Suspected U.S. strike kills 2 in Pakistan - agents
ISLAMABAD (Reuters) - A suspected U.S. drone aircraft fired a missile at a house in the militancy-plagued Pakistani region of North Waziristan on the Afghan border on Saturday, killing two people, security agency officials said.
U.S. forces in Afghanistan have carried out at least 27 air strikes by unmanned aircraft on militant targets in northwest Pakistan this year, according to a Reuters tally, more than half of them since the beginning of September.
"A missile was fired at a house owned by one Taj Mohammad, and we have reports of two men killed," said an intelligence agency official.
Another security agent and a Taliban militant confirmed the strike and the death toll at the house in the village of Chashma, 2 km north of the region's main town of Miranshah.
There was no immediate information about the identity of those killed.
Security has deteriorated sharply in both Pakistan and Afghanistan recently, seven years after U.S. soldiers and their Afghan allies drove the Taliban from power in Afghanistan in the weeks following the Sept. 11 attacks on the United States.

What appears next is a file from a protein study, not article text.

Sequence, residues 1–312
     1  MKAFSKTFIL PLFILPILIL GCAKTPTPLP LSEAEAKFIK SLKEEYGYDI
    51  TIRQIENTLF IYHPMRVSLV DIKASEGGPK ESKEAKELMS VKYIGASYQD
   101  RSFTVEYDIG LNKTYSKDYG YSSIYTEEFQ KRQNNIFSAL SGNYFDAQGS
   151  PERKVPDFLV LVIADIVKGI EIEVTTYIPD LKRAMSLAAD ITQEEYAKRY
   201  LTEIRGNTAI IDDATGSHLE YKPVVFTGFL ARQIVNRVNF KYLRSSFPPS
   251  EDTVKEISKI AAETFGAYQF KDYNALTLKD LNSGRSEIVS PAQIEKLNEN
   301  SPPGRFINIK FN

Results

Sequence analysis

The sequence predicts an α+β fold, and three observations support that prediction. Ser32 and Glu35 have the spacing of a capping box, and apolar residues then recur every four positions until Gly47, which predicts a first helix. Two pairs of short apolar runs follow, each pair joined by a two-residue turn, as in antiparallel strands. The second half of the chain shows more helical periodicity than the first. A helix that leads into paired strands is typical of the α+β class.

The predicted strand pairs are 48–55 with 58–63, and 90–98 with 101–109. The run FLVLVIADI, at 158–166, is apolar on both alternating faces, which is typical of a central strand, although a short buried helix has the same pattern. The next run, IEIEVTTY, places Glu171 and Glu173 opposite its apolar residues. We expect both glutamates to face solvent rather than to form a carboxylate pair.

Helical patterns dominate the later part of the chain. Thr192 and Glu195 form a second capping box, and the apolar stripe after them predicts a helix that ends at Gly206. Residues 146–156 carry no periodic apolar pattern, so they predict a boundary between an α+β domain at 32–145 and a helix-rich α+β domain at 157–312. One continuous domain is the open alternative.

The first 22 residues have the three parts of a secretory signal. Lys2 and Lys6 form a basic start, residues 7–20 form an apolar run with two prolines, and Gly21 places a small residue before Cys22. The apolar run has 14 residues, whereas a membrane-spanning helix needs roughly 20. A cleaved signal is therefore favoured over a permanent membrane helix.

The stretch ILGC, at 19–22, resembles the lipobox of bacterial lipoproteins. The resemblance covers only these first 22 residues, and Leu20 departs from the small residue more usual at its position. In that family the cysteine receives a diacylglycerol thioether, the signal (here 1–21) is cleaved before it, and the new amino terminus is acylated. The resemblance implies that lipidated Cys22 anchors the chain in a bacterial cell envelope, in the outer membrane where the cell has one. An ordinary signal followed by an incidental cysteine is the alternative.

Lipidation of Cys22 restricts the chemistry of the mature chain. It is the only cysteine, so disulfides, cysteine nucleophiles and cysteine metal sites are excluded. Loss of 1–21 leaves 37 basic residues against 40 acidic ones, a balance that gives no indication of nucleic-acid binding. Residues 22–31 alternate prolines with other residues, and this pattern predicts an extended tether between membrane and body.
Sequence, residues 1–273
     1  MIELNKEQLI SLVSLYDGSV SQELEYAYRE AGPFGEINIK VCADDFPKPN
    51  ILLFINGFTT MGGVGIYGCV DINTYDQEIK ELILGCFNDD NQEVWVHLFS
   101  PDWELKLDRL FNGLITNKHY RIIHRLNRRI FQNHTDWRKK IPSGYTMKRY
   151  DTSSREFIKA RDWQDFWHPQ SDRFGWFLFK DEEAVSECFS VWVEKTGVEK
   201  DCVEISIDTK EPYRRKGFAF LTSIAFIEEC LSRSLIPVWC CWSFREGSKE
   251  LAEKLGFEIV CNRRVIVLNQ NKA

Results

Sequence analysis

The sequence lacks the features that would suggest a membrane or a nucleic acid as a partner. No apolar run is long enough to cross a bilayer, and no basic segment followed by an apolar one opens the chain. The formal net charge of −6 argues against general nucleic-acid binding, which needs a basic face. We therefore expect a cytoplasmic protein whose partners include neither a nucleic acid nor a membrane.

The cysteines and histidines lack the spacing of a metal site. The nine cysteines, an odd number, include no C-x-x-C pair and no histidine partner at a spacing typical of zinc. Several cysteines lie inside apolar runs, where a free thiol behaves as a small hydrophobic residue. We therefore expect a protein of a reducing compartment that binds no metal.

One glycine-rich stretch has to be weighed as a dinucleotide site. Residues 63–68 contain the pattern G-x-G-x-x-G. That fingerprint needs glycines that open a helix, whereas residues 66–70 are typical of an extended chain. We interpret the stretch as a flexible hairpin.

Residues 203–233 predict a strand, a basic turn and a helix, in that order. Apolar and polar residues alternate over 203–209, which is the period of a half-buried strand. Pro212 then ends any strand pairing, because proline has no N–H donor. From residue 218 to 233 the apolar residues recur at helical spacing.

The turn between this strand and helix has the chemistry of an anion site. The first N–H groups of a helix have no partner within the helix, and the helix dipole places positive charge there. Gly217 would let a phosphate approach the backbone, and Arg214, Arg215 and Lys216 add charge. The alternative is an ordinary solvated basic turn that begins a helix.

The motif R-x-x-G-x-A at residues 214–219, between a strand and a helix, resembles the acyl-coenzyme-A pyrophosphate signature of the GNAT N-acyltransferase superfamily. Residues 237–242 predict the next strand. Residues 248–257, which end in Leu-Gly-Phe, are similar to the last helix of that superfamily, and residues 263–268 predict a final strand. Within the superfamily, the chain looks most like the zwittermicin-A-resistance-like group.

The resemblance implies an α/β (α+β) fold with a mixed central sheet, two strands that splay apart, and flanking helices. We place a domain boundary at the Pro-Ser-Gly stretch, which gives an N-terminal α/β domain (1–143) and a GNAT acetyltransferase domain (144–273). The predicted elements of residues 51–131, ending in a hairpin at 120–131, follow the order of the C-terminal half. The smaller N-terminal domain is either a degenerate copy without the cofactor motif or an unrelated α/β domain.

Apparently frustrated by Pakistan's inability to tackle the militants, and alarmed by the deteriorating security situation in Afghanistan, the United States has ramped up attacks with missile-firing pilotless drones on militants in Pakistan.
Pakistan has complained to the United States over the strikes, saying they undermine its efforts to combat militants, but Washington has shrugged off the protests.
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Nitin Gadkari, former president of the Bharatiya Janata Party and a member of the BJP’s manifesto committee, speaks to Reuters. Here are the edited excerpts. Full Article